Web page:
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Hey Companies, Start Hiring; Three Generations Under One Roof; The Rising Cost of College; Tackling a Healthy Lifestyle

Aired February 4, 2012 - 09:30   ET


CHRISTINE ROMANS, HOST: When will companies stop sitting on their cash and start hiring?

Good morning, everyone. I'm Christine Romans.

Coming up on YOUR BOTTOM LINE, we get to the bottom of the disconnect between workers who are desperate for a job and companies who say they can't find quality workers to hire.

Also, moms and dads, their kids and grandkids are increasingly living together under the same roof. The trend is exploding.

Also exploding, college tuition. We'll talk innovative ways to keep tuition prices down.

And if you love the '85 Bears, like I do, or the Super Bowl, like my husband does, don't touch that dial. A special treat for you is ahead.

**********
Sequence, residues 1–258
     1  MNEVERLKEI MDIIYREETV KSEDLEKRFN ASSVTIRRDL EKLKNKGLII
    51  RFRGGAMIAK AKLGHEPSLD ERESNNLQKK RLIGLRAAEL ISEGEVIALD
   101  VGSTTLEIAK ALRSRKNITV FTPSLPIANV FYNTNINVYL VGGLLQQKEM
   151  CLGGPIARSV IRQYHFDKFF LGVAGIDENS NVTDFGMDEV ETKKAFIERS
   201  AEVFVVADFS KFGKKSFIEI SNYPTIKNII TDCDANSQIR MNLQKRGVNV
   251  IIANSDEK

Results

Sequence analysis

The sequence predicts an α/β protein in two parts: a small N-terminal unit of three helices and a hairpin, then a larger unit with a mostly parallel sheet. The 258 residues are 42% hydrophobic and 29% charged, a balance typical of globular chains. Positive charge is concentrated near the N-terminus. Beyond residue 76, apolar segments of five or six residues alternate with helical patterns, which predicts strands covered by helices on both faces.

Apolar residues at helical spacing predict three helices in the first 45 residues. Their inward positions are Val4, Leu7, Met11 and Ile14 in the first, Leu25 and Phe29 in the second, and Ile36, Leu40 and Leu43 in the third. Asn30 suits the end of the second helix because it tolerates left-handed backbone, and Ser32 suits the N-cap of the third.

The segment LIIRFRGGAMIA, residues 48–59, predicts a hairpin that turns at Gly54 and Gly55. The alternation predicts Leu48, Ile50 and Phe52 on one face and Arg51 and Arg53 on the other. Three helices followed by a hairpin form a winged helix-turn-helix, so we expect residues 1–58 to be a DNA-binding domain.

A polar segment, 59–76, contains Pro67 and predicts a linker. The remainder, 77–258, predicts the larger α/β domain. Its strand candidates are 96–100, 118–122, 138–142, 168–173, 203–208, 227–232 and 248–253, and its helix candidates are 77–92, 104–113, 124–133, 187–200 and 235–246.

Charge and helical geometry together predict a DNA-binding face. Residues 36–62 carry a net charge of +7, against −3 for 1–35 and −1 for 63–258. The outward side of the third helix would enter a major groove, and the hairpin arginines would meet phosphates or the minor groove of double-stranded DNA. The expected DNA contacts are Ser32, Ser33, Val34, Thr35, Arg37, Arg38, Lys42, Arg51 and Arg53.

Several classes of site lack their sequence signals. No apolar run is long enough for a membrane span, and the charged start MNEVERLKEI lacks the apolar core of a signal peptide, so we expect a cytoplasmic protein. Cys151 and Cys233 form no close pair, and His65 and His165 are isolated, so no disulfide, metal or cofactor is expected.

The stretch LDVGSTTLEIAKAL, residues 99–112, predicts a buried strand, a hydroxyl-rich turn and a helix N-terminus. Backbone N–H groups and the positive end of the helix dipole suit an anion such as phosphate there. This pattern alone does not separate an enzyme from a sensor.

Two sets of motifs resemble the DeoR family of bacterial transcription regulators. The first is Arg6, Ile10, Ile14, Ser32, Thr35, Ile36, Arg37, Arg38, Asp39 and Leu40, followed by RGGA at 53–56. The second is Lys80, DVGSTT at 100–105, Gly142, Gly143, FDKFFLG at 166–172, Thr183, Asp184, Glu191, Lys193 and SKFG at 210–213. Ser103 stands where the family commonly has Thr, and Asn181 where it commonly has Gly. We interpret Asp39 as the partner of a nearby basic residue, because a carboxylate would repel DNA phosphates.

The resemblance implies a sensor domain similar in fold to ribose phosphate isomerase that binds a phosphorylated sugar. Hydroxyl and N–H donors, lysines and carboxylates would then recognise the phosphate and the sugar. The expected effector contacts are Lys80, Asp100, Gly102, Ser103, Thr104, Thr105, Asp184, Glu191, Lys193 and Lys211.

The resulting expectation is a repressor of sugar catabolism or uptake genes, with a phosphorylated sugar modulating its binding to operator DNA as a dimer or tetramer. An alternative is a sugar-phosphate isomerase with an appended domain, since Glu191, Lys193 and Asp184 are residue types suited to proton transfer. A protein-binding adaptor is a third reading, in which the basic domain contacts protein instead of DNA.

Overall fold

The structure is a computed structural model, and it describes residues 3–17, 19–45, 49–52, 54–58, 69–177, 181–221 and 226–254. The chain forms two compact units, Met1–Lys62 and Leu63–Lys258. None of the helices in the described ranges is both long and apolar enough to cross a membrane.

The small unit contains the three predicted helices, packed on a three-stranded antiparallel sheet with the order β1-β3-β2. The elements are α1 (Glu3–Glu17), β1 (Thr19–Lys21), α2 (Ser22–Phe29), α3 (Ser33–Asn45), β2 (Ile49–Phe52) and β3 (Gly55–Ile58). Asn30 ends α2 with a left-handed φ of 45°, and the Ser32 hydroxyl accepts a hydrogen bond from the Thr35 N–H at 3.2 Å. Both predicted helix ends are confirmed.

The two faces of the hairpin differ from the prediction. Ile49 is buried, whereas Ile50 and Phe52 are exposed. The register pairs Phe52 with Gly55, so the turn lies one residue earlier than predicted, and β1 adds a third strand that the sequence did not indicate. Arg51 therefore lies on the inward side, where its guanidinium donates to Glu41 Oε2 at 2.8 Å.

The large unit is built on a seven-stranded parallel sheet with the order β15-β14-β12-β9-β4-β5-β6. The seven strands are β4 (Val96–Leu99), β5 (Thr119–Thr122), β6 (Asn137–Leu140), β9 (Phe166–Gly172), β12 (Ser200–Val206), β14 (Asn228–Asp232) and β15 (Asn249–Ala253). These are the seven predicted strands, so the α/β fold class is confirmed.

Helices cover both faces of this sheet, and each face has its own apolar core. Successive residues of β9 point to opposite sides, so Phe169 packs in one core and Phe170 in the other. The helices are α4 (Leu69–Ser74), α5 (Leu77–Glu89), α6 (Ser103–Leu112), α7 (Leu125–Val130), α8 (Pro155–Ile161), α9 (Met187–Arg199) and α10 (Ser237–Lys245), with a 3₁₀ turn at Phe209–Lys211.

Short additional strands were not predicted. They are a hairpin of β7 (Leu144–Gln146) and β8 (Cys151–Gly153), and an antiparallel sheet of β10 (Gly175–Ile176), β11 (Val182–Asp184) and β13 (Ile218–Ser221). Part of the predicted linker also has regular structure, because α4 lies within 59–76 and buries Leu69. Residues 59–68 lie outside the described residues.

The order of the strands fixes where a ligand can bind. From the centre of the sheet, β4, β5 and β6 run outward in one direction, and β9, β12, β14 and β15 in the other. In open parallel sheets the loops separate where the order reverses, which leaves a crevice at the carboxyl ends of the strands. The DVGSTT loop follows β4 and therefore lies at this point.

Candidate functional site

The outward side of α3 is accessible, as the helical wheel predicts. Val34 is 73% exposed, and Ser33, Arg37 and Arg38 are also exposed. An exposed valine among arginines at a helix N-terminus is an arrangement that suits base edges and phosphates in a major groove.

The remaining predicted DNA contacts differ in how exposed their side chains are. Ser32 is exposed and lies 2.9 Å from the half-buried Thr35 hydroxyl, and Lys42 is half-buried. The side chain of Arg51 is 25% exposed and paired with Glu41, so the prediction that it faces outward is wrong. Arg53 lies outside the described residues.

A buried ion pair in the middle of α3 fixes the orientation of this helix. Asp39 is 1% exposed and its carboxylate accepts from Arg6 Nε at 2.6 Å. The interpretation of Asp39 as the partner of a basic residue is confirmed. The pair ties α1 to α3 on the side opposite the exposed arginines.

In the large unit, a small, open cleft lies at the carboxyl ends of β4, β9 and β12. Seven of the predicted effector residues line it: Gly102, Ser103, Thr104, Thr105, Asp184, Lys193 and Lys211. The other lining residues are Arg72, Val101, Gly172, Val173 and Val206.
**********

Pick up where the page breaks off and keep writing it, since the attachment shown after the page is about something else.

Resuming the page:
Let's begin, though, with the bid to revive "Made in the USA." It's not just about national pride. Manufacturing in this country means jobs for Americans on the assembly line, designing the products, running the plants.

President Obama has a Jobs and Competitiveness Council, and two of its most prominent members are with us this morning. Steve Case is, among many things, the COE of Revolution. And Darlene Miller, the CEO of Permac Industries. Thank you, both of you, for joining us this morning.

You know, Steve, you've employed tens of thousands of people. I mean, you say entrepreneurship and - and innovation will create the next generation of jobs, but what about the jobs we need today?

STEVE CASE, CEO, REVOLUTION: Well, obviously a lot of facets to it, but the products we are particularly focused on is entrepreneurship, both on the Jobs Council and chairing an initiative called the Start Up America Partnership. And the reason it's so important, if you look at the history of America, it really is a history of entrepreneurship. The reason we're the leading economy in the world is the work of (INAUDIBLE), not just companies but entire new industries that have really propelled us into the lead.